A friend of mine just aquired a bubbarized milsurp rifle.At first glance it a ppeared to be a .303 british but on futher inspection the bolt appeared different and the metal band around the butt stock had made in the U.S.A. stamped on it. Is it possible that this rifle had been rebarreled for 7.62 nato? The magazine still appeared to be the same as on all other enfields chamberd for .303. I have the rifle in my care as of right now I didn't want my friend to try to chamber somthing in the rifle that shouldn't be and hurt himself or someone else. Also the bore appears to be in crappy shape I'm gonna give it a good scrubbing.What my main question is if it is a conversion is it safe to fire and are there any other ways to find out what it is actually chamber for?:banghead:
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March 24, 2008, 12:18 AM
Sounds like a american made SMLE to me. You could check if a spent 308 case will fit in the thing but my guess would be its still a .303
March 24, 2008, 12:27 AM
I checcked to see if one of my spent .308's would chamber after I posted the question.(it wouldn't fit) So am I safe in assuming that it is .303? And are these rifles safe to fire with modern ammo?
March 24, 2008, 02:00 AM
The only safe route is to take a chamber cast, then check headspace. Sometimes folks do silly things to these old warhorses. If there are problems, they can usually be rectified inexpensively if found before the fragmentation stage.
Different bolt heads can resolve headspace issues, but if someone has reamed out the chamber, you really want to know that before you light off any cartridge that seems to fit.
March 24, 2008, 02:09 AM
Savage made quite a few 303 Lee Enfield rifles during WWII. Before the USA entered the war, the US built Lee Enfields were stamped US Property to comply with the Lend Lease rules. After Pearl this wasn't necessary.
Many Savage built Lee Enfields were sold to Canada. Quite a few were sold off after the War and some never even been issued. One way to tell a Savage is the notch for bolt removal is up near the front of the receiver. To remove the bolt you slide it back about an inch and there a slot out of the slide runner that allows the bolt extractor to lift up up. Then the bolt is free to slide all the way out. The British made Lee Enfield had a different method to allow the bolt extractor to lift up. The bolt had to be drawn all the back and there's a release button to press down that allows the extractor to lift up for bolt removal. Other than that there pretty close. Some of the Made in USA Savage are not stamped US Property but are stamped "England". That must of fooled them at the time.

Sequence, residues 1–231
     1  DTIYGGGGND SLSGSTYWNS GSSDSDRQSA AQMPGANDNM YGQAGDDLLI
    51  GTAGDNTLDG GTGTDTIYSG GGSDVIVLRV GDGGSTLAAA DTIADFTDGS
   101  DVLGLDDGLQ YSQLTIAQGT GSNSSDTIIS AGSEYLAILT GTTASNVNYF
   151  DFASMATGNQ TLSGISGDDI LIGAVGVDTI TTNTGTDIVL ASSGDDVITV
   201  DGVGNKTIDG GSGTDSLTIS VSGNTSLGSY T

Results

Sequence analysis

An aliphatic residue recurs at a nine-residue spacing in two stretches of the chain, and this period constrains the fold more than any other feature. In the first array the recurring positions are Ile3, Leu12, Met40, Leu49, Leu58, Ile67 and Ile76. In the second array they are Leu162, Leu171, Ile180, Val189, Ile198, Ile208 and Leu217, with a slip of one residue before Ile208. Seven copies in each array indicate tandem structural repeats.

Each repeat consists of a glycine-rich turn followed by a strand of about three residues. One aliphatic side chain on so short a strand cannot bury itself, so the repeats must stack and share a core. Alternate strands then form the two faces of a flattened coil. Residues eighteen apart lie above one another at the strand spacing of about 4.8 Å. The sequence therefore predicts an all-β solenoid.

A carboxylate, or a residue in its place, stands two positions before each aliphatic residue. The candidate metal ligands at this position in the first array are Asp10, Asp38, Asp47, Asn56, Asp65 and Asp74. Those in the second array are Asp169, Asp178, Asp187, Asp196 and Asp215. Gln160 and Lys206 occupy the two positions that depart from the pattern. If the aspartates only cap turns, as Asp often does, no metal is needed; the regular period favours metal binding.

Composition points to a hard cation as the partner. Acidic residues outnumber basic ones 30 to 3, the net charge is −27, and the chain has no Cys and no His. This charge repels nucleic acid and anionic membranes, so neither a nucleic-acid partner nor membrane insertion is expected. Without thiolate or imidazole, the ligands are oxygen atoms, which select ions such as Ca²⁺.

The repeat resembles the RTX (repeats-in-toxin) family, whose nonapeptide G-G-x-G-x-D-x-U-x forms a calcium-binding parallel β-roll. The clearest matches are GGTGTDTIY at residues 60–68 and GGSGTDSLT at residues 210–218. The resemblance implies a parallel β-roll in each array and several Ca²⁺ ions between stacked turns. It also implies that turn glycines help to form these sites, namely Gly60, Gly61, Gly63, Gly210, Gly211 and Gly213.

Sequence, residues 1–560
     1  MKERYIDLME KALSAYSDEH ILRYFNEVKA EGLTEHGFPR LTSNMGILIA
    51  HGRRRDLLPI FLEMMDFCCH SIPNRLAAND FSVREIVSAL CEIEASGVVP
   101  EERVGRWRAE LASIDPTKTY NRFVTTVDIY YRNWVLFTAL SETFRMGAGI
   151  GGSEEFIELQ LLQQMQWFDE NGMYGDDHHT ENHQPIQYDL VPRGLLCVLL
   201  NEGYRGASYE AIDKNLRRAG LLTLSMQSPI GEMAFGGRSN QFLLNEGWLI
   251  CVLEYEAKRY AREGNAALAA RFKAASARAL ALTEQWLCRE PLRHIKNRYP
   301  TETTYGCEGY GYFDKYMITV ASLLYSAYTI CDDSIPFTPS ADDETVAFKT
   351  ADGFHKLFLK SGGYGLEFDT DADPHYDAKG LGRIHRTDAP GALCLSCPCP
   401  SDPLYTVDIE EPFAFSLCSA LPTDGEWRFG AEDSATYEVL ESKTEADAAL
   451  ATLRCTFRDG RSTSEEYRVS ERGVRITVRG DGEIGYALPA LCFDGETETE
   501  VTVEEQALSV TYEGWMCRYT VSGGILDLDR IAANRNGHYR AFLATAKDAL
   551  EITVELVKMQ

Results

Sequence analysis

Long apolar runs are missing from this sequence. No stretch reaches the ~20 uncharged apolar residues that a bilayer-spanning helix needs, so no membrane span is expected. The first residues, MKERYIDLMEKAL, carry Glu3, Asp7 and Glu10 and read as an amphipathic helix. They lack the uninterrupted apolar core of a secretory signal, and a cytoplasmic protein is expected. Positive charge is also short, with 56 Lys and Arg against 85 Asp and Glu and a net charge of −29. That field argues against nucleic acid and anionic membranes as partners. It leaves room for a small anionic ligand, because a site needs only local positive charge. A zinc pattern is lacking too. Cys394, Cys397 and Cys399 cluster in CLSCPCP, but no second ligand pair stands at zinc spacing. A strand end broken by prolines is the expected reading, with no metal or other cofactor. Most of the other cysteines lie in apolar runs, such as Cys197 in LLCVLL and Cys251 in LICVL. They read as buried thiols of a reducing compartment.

Whether or not it's safe to shoot is a decisiom you'll have to make after you scrub it clean and are better able to tell. If in doubt, take it to a reliable gunsmith for his opinion.
March 24, 2008, 10:57 AM
FWIW here's one of mine, a No. 4 made by Savage, with the typical stampings referred to by wraco:
The first thing I would do is figure out exactly what I am working with. When you describe the rifle, there are a few confusing statements. The first was "made in the USA" on the "metal band around the butt stock". The #1's and #4's design utilizes a 2 piece stock set with a butt socket for the butt stock to attach to. This "metal band" is behind the action. Anything that is marked here with a "made in" would not be normal at all.
If on the reciever in front of the charging bridge and the barrel knox has " US PROPERTY" stampped on it would be a Savage made rifle. There were never any #1mkIII style rifles made in the US. The Ishapore factory in India made the 2A and 2A1 versions of the #1mk3 in .308. Some post war #4mk1's and mk2"s were converted to .308. Otherwise, it is probably a .303 (the bullet is actually .311).
To ID the rifle, a good way is to look at the rear sight. If it is mounted behind the charging bridge, then it would most likely be a #4 or #5 rifle. If the rear sight is mounted to the barrel in front of the barrel knox, then it is a #1 rifle.
Another confusing statement is that a ".308 case would cot fit" doesn't exactly describe the problem. If you could be more specific, it could be helpful. Also, look on both sides of the butt socket and post the numbers and letters there, if any.